Hmm. Landscape-landscape-landscape seems like it would just be sick for gaming. ASUS monitor bezels are actually angled at the top and bottom. When stacked tightly in such an arrangement, they actually wrap around the viewer nicely. Three 24" 16:9 ratio (1920x1080) monitors stacked sideways yields a HUGE 3:2 ratio (3240x1920 resolution) display. Three 16:10 (1920x1200) monitors end up at 3600x1920. I like this idea better than the far more panoramic view of 5760x1080 or 5760x1200 for most games.

    Alas, I'll be waiting on the next-gen cards and monitors in hopes that prices drop and availability increases. I'd also like to see the proposed standards mentioned within this article actually go into effect, as well as see adoption of display port grow and the technology itself mature.

    Lastly I hope stands adopt a standard that supports landscape-landscape-landscape, portrait-portrait-portrait, and any combination in-between. Having to go out and buy 3 cheap VESA mounts, some metal tubing and round-bar, then get to cutting, bending, and welding my own stand together sounds like a fun project, but I'd rather just buy a mass-produced one.

    Edit: I meant portrait-portrait-portrait...
  • -3 Hide
    gaborbarla , April 15, 2010 12:19 PM
    Bought a 5870 HD the other day.
    Two questions remain for me that I couldnt filter out from these articles by skimming through them:

    1. Why do we need a display port again? I thought the whole point of HDMI was to introduce a digital standard that works with everything TVs Digital signal processors, PCs. Now that most monitors, graphics cards and even some motherboards are starting to support HDMI they come out with a new format... (dot dot dot)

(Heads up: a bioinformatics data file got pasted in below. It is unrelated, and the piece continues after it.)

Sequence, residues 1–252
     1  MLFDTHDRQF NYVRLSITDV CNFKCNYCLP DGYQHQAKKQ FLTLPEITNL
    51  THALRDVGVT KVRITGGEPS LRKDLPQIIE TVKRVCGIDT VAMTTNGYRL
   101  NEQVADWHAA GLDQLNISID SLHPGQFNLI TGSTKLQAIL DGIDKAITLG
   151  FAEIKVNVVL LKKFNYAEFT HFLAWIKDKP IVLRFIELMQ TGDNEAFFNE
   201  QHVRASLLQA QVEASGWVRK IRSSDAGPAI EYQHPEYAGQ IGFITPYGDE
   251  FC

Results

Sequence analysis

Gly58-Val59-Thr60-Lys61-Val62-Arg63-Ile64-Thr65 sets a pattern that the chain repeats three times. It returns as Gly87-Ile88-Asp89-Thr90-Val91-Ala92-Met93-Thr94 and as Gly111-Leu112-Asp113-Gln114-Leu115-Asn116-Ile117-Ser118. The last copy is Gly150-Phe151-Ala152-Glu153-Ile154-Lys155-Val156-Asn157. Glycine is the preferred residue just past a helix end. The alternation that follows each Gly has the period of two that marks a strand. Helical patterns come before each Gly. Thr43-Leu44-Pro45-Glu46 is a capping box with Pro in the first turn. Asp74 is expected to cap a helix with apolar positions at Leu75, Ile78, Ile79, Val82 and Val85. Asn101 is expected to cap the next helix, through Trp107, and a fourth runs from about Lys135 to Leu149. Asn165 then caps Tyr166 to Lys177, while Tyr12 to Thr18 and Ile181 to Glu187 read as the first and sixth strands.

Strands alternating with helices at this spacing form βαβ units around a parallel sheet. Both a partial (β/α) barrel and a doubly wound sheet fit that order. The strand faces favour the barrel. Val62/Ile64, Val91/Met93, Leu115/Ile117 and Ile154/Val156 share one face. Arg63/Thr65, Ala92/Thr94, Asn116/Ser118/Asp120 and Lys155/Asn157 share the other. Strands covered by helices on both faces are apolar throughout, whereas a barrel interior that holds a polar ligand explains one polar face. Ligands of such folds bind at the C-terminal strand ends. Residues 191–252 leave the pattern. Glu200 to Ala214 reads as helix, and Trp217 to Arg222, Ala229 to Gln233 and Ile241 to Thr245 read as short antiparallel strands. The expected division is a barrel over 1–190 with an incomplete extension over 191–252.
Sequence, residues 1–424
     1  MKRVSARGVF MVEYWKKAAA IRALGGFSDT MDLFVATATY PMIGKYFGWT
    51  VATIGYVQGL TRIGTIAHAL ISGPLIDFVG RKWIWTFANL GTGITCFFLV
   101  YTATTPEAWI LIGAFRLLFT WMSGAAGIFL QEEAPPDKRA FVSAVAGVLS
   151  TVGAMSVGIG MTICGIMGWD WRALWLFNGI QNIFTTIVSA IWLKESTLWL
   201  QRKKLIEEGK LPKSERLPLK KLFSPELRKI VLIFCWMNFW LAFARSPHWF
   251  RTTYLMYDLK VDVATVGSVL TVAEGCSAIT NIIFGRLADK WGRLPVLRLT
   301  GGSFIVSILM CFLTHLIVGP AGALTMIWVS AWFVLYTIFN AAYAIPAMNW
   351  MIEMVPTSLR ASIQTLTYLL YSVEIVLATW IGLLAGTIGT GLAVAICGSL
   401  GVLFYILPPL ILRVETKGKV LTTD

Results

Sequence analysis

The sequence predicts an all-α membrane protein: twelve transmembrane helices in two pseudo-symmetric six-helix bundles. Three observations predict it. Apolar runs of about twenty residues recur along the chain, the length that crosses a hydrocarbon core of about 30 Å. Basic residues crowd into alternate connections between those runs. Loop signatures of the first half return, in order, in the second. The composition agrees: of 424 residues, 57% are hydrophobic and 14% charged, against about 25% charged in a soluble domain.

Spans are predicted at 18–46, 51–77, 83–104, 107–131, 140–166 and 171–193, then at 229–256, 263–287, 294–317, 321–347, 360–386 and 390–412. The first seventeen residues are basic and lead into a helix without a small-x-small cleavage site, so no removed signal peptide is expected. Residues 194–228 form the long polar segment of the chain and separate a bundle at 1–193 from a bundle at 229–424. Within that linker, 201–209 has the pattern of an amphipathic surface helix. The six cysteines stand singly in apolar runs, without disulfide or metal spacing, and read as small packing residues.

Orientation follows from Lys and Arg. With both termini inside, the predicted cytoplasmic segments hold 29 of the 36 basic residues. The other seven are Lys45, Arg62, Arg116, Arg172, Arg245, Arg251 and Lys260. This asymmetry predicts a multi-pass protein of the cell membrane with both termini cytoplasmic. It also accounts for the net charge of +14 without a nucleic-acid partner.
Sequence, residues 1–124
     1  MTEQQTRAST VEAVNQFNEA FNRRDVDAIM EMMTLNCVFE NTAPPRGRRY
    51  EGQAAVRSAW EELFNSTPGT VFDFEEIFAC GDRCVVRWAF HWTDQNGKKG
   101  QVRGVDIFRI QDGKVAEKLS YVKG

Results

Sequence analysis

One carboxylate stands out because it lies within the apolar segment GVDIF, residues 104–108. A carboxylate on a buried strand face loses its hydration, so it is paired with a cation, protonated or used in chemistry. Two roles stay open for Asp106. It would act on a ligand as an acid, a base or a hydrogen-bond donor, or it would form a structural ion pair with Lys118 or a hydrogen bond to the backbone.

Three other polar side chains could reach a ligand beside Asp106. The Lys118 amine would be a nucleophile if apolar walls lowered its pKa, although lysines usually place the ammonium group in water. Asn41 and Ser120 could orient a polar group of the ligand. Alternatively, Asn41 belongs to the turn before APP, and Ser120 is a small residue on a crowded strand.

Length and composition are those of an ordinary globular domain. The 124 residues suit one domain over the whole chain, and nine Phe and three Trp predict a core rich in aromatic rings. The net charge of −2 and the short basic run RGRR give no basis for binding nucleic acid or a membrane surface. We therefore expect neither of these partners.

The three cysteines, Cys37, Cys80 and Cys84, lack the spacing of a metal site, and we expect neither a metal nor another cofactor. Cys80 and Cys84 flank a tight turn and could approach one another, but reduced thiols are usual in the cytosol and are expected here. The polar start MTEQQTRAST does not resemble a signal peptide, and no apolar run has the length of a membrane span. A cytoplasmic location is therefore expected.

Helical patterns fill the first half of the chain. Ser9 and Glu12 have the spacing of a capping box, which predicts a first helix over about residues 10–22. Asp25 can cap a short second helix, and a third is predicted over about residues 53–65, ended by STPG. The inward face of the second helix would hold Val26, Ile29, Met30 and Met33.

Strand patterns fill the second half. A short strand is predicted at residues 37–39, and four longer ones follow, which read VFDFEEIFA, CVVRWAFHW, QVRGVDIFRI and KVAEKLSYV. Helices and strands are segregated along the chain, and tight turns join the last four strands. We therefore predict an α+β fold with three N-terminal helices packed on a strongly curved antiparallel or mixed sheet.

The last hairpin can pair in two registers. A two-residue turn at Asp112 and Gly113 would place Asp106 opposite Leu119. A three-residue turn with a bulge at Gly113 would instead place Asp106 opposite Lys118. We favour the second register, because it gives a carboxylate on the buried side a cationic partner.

2. Why does the 5800 series need a display port? why couldn't it have 3 DVI-Ds? So far I haven't even seen a single monitor that has displayport.

  • -2 Hide
    ArgleBargle , April 15, 2010 12:25 PM
    $749 for a dual 5970? I thought a single 5970 cost that much!
  • 0 Hide
    rhelme , April 15, 2010 1:05 PM
    Arglebargle$749 for a dual 5970? I thought a single 5970 cost that much!


    the TDMS streams that the card can currently push is 2... That is for what I have heard some timing reason between 3 cards and that each TDMS stream supports 2560x1600p. If there was a way to trick the card and go over 1920x1200 then in the future, if you could plug in an adapter that said I will only output in 1920x1200 and lower, then the extra bandwidth of not supporting 3 displays at the 2560x1600 goes away and if you do the math, that leaves enough timing open to allow you to plug in a displayport to single output DVI and run three cards without an active dongle..


  • -3 Hide